World’s Most Famous Opera House, Plus 7 More

1. Sydney Opera House: The Most Recognizable in the World

Located on Bennelong Point in Sydney, Australia, this UNESCO World Heritage Site is easily recognized by its one-of-a-kind design. Although initially expected to cost $7 million and take four years to build, it took $104 million and 14 years to construct.

2. La Scala: The World’s Most Famous Opera House

Although commonly referred to as La Scala, the full name of this Milan, Italy, opera house is The Teatro alla Scalla. It is one of the most famous opera houses in the world.La Scala opened on August 3, 1778, and was initially called the New Royal-Ducal Theatre alla Scala. It was home to many opera and ballet performances before being heavily damaged during World War II.

3. Metropolitan Opera House: The Largest in the World

Originally built in 1883 by one of New York’s millionaires,  Later, the decision was made to move it to a new location, and a much larger, grander opera house was constructed.The current Metropolitan Opera House resides in Manhattan at Lincoln Center for the Performing Arts, along with the New York Philharmonic, the New York City Ballet, and the Juilliard School.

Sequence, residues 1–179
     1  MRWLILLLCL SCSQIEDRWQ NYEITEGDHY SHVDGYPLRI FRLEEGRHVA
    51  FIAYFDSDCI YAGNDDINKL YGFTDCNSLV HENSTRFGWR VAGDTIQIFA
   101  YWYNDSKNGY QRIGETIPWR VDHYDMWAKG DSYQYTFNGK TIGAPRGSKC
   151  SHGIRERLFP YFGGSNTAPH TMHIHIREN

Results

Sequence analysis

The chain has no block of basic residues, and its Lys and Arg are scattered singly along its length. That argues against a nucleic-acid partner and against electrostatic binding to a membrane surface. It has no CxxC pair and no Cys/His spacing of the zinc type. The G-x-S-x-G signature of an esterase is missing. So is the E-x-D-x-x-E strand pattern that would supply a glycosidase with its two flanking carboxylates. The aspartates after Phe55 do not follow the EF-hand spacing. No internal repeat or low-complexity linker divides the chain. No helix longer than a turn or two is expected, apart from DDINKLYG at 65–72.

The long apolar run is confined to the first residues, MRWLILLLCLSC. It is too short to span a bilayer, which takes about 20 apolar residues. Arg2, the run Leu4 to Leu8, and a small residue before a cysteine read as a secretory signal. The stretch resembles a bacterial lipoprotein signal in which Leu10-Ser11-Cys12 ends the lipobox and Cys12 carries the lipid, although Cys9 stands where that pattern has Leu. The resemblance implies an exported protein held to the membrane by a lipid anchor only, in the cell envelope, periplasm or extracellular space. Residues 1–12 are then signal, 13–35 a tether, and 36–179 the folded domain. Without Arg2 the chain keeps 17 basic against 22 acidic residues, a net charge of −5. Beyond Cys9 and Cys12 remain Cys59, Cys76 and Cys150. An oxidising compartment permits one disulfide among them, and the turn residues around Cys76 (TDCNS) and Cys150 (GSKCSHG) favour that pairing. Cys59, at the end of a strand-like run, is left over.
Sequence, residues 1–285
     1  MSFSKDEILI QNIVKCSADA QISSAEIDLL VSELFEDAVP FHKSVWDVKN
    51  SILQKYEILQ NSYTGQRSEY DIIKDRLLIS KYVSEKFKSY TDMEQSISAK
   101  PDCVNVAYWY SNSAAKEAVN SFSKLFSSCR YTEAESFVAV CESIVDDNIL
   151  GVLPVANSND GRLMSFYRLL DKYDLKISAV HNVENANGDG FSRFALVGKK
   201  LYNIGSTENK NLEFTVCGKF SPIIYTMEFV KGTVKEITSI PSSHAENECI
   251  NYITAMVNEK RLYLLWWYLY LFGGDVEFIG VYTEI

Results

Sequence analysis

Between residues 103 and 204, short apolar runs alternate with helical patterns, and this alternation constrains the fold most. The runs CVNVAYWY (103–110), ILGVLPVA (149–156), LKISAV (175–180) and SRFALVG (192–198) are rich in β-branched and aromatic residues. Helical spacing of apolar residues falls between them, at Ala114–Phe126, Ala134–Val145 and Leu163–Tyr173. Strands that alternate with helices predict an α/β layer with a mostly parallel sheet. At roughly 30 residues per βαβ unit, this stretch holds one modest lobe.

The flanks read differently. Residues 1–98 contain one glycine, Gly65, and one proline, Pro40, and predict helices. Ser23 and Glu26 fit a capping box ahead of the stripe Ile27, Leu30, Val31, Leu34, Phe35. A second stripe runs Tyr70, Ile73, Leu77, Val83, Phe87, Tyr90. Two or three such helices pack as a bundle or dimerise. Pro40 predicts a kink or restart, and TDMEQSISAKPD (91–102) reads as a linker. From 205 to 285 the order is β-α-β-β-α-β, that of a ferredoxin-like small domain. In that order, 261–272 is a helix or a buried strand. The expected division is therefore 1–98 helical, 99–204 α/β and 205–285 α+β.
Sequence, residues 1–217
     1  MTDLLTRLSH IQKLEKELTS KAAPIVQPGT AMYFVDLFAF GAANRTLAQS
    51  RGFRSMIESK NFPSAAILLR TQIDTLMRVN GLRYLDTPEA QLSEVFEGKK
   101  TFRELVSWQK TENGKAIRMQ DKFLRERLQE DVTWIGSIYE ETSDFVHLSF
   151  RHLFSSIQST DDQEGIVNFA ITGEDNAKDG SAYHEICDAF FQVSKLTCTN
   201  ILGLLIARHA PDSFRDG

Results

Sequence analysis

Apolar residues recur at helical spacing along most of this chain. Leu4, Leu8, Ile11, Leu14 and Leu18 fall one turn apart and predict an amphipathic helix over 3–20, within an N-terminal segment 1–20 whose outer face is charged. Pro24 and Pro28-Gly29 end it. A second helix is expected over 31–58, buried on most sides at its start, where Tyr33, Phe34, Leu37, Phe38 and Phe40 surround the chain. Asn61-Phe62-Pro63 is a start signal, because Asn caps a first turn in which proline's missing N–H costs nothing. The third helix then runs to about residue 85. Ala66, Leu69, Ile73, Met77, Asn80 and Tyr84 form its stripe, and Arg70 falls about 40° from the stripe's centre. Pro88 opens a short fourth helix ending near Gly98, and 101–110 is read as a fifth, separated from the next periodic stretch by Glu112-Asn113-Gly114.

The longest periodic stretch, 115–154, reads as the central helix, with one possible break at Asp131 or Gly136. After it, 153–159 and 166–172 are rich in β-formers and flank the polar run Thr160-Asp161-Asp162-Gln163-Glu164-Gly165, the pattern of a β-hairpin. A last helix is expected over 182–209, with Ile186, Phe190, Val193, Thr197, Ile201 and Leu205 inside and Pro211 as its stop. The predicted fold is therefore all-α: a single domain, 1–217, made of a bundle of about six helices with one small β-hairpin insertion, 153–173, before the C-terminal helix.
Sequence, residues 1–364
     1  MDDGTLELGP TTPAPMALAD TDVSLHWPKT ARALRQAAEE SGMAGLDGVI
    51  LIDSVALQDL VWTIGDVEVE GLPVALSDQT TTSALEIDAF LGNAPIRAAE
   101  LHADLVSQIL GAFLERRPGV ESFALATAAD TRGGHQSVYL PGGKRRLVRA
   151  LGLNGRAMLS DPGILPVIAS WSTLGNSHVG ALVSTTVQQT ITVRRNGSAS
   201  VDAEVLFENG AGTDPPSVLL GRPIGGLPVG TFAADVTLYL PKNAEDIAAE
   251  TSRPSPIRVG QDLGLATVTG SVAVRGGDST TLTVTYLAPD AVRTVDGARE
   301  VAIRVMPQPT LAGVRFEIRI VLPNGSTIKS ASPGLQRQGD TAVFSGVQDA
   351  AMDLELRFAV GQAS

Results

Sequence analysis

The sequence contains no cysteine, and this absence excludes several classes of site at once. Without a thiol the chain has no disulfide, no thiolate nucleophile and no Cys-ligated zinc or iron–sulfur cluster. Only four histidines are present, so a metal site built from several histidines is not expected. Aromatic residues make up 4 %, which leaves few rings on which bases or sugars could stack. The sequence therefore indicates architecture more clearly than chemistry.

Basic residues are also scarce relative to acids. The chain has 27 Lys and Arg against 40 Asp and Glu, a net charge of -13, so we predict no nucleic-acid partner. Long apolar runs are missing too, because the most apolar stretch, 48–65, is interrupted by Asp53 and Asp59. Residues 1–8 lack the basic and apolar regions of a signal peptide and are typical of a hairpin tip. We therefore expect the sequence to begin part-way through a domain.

4. Royal Opera House: One of Europe’s Most Celebrated Opera Houses

London’s Royal Opera House is one of the city’s most iconic and recognizable buildings. Referred to by locals as simply “Covent Garden,” it’s home to both the Royal Opera and the Royal Ballet, two of England’s most prestigious organizations.

5. Teatro Di San Carlo: The Oldest Working Opera House

Real Teatro di San Carlo or “Royal Theatre of Saint Charles,” is often referred to as simply the Teatro San Carlo.Located in Naples, Italy, it holds the title of the world’s oldest working opera house. Built in 1737 by The Bourbon King Charles, the majestic building has stood the test of time despite suffering significant damage

6. Copenhagen Opera House: The World’s Most Expensive Opera House

The modern and widely recognizable Copenhagen Opera House opened in 2005. However, the original building was inaugurated in 1748 and remained prominent in Danish society for more than 100 years. Funded by the private investment of a Danish billionaire, much of the design was of his choosing.

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